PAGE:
2. The victim is now over 19 years old and appears in court at the time of the hearing and requests the exemption in writing.
  3. The prosecuting attorney in the original case gets a notice of the hearing. 
On the downside, it requires public posting of where a homeless registrant is planning to sleep. 

It is also good a registrant in need to assistant care can also petition for residency law relief. 

VERDICT: This bill is a mixed bag of the good and the bad. I'd like to see the Internet Provider part and the homeless notice removed. But the provision allowing some registrants to seek relief from Residency laws and the victim bans is a good thing. I'd say the good outweighs the bad.

  • Under existing law, sodomy in the second degree requires both lack of consent due to mental defect and that the perpetrator be more than 16 and the victim be under 16 years of age, but older than 12 years of age. Under existing law, sodomy in the first degree requires forcible compulsion or that the victim possess a mental defect or be physically helpless, or the perpetrator be more than 16 years of age and the victim less than 12 years of age. Under existing law, a person under age 16 is incapable of consent.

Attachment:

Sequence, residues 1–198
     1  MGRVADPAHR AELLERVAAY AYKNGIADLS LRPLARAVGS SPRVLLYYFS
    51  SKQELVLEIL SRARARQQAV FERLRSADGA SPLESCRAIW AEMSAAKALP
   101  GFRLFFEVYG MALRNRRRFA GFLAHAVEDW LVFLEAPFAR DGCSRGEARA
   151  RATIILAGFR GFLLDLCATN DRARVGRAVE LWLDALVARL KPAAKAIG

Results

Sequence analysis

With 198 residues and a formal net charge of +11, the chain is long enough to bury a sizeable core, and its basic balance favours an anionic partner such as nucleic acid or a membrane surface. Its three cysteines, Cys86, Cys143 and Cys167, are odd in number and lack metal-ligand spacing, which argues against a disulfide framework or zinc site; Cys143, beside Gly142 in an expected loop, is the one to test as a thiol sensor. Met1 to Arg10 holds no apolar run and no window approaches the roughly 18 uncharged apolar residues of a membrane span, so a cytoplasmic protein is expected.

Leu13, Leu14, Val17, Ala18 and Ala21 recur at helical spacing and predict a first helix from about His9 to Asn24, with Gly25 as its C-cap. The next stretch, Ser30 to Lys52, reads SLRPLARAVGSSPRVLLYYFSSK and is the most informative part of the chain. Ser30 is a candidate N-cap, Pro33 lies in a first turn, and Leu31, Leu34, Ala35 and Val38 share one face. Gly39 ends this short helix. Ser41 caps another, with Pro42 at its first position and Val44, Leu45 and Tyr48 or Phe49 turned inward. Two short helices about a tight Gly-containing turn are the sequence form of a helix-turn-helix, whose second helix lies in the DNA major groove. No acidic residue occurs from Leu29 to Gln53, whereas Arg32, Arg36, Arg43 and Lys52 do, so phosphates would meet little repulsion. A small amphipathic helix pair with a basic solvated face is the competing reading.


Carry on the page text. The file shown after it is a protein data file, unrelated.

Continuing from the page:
• Under existing law, one circumstance in which a person commits the crime of sexual misconduct is when he or she engages in deviate sexual intercourse with another person under circumstances not covered by sodomy in the first degree or sodomy in the second degree, and consent is not a defense to prosecution under this circumstance regardless of the age of either party. This provision of the existing sexual misconduct law was declared unconstitutional by the Alabama Court of Civil Appeals in Williams v. Dallas County.
  • This bill would revise the sexual misconduct law to require lack of consent or obtaining consent through the use of fraud or artifice.